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These Six-Pack Rings Are Designed To Save Marine Life: Find Out How

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A Florida brewery has come up with a new way to help save marine life by creating biodegradable six-pack rings for beer.

Saltwater Brewery in Delray Beach, Florida, has joined forces with New York advertising agency We Believers to launch the first "Edible Six-Pack Rings."

"Together with Saltwater Brewery, a small craft beer brand in Florida whose primary target are surfers, fishermen and people who love the sea, we decided to tackle the issue head on and make a statement for the whole beer industry to follow," said Marco Vega, co-founder and chief strategist of We Believers.

The new rings are from by-products of the beer making process. It does not trap and kill the animals but instead feeds them if the product ends up in the sea.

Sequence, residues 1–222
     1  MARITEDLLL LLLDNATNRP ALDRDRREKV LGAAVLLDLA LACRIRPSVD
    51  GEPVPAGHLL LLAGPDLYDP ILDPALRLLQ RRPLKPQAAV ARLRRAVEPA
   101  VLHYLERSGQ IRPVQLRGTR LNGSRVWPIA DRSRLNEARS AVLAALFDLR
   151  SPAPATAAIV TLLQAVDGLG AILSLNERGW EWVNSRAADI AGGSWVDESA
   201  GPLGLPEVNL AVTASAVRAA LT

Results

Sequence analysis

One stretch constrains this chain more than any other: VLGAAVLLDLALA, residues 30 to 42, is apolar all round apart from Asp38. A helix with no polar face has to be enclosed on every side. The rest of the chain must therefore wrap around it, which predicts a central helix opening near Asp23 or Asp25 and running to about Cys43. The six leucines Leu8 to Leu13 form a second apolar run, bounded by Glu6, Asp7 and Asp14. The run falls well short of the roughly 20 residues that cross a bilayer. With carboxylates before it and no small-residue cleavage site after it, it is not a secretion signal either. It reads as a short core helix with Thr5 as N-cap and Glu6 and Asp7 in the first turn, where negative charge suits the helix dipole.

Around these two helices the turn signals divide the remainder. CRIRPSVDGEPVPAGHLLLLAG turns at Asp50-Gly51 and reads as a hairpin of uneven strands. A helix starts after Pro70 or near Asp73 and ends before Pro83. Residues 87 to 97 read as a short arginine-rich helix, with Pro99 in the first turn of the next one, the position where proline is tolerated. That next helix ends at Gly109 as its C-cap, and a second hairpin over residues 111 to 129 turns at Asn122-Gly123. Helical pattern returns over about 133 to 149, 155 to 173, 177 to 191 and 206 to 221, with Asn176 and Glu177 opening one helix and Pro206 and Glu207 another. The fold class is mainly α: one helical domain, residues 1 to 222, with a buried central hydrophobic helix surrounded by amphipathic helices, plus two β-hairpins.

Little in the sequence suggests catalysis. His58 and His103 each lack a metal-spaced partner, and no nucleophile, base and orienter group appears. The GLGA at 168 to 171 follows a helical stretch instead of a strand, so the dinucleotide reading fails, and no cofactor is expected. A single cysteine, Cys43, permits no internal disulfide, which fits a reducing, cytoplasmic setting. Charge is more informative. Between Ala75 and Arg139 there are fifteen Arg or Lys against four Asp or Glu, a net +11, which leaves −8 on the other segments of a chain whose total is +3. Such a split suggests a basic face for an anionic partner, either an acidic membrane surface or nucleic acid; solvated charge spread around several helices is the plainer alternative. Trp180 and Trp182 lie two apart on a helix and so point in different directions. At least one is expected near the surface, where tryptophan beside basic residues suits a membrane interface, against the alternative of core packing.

Researchers have found that about 90 percent of seabirds have consumed plastic and some of it will likely remain in their stomach, according to a study published in the Proceedings of the National Academy of Sciences.

Apart from being 100 percent biodegradable and edible for fish and other marine life, the eco-friendly technology is as efficient and resistant as plastic packaging.

"For brands to be successful today, it is no longer about being the best in the world-but rather, being the best for the world and taking a real stance," creative chief officer Gustavo Lauria added.

While the six-pack rings are more expensive to make, Saltwater Brewery says it's worth every penny to help the environment and wildlife.

"It's a big investment for a small brewery created by fisherman, surfers and people that love the sea," Saltwater Brewery head of brand, Peter Agardy, said in the video below.

However, company president Chris Goves hopes to "influence the big guys," and "inspire them to get on board."

Saltwater Brewery says that if more breweries follow this environmentally-friendly trend, prices may drop.

Other more sustainable, alternative packaging includes PakTech, a hard plastic cover that can be attached to the top of a six-pack of cans that allows them to be stacked and handled more easily.

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